Wednesday, April 26, 2006
Culture of life indeed.
The central issue in the Andrea Clark case is the same as that in the Terri Schindler Schiavo case, whether the state should be able to sanction the removal of a human being from life support.I would like to point out that the issues actually are not "the same" or even similar at all. In the case of Terri Schiavo, the person given immediate control of her affairs when she was incapable of self determination was her husband. Indeed this system fits very nicely with the whole family values plank in the Republican platform, and generally speaking is the way most people would have their affairs handled if put in Schiavo's condition. Michael Schiavo therefore was acting in his wifes best interest from a legal point of view. In the case of the Texas law however, the advocates of the patient are allowed to be overruled by the hospital in question, leading to the death of the patient over the express wishes of that patients immediate family to keep them alive.
What's even more significant in the Clark case is that the Texas bill that allows health care providers to end a human life despite the wishes of the patient and the patient's family was signed into law in 1999 by President George W. Bush as Texas Governor. However, in 2005, he rushed back to the White House from Easter vacation to sign a bill rushed through Congress which was designed to save the life of Terri Schiavo because of his "presumption in favor of life".
In the comments to Raw Story about this article there is a post from Jon G. that makes the same basic error in comparing the Schiavo case with the Texas law. That comment reads:
Why are you for this lady's life but wanted michael schiavo to be able to kill his wife Terri and were critical of the republicans for trying to save her? Oh, you can scream 'sanctity of life" and be critical of Bush this time.I would like to be the first to point out to Jon that liberals and Democrats did not make Bush sign the Texas law. Neither were we responsible for his shameful pandering to the extreme wingnut side of the Republican party with the Schiavo debacle. So it is entirely President Bush's fault that he now finds himself having seemingly taken completely contradictory stances on end of life issues. When I say seemingly, it is because looking at this issue closely we can see that he is actually consistent in both cases. The President appears to have sided with the notion that the immediate family ought not have end of life decisions, whether in the case of the Texas law where the hospital may determine to let the patient die against the families wishes, or in the Schiavo case where the extremists were determined to remove the choice from her husband, who legally is her guardian. Truly, the only contradiction here is the political appearance of both actions. The President appears to be willing to hasten the end of life with the Texas law, but fighting tooth and nail to extend life in the Schiavo case.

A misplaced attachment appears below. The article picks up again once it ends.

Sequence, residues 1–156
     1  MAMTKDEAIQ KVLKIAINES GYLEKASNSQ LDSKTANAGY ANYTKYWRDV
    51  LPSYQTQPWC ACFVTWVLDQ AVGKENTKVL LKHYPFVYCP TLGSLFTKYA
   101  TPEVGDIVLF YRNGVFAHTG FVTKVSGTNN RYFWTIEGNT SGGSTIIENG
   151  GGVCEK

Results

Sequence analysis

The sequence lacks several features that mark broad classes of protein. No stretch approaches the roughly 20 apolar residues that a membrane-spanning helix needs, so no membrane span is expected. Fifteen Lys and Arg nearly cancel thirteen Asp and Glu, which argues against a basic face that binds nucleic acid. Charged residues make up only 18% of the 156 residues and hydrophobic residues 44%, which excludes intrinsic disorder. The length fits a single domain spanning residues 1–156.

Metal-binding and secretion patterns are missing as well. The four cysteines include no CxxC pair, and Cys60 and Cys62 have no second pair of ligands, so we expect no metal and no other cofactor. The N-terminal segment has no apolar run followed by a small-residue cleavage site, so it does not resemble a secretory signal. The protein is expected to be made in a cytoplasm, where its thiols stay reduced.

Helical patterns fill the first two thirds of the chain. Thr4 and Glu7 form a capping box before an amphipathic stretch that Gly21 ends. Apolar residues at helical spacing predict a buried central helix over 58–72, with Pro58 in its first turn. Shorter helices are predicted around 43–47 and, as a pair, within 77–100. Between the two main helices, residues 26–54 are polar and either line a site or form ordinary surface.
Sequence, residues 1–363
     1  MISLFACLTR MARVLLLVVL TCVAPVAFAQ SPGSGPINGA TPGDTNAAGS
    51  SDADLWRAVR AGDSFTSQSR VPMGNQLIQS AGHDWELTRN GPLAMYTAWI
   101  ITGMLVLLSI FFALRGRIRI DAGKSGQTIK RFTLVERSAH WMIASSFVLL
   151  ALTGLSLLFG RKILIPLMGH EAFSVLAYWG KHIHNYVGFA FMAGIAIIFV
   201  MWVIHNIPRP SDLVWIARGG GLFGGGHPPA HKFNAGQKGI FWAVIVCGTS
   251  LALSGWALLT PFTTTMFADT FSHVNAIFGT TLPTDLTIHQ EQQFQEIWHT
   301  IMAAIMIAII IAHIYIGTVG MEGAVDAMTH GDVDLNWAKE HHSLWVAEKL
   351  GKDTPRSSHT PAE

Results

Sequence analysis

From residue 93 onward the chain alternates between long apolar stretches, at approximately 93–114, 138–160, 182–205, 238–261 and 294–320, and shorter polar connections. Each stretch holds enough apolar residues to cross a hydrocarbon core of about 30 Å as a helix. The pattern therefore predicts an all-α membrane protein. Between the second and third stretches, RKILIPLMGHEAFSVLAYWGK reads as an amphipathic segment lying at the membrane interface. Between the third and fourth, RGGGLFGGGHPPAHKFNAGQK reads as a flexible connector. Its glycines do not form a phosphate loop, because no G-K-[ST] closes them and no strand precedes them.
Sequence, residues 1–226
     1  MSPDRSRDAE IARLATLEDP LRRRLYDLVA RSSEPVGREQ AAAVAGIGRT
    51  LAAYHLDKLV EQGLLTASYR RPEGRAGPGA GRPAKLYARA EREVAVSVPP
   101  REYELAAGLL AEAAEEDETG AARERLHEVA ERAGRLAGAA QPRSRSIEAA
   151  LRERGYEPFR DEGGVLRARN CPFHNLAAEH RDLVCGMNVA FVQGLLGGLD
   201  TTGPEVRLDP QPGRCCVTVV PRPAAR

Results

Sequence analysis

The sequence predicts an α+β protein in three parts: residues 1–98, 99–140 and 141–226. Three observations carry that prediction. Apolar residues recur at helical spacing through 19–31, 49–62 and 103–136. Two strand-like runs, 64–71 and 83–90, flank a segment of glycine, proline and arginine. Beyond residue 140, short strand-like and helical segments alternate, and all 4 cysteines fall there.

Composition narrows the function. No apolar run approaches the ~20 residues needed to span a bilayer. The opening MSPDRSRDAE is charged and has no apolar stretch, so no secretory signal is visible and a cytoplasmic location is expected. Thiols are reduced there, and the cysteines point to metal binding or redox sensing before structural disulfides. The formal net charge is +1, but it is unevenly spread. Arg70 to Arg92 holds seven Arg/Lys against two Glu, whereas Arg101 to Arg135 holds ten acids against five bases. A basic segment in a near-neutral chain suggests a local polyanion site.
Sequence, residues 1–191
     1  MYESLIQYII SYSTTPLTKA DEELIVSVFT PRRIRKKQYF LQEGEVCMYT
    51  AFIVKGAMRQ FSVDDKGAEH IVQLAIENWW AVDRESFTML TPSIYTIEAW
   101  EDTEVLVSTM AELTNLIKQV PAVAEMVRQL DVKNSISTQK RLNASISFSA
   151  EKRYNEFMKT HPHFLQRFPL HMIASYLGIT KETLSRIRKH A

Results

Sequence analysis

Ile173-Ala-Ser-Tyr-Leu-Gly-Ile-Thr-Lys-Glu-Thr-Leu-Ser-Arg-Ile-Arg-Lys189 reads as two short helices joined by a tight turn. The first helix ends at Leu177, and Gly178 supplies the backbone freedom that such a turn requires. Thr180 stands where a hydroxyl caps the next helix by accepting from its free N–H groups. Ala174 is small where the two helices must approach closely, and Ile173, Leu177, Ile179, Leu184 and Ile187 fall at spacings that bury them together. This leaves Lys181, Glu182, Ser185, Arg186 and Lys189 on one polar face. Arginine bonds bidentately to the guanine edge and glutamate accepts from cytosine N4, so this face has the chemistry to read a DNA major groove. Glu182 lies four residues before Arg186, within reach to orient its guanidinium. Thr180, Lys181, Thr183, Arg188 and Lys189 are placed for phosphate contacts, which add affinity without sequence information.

It futhermore appears in the most recent case as detailed in Gazette the hospital is acting despite her own as well as her families wishes. The Gazette describes the womans conditions thusly: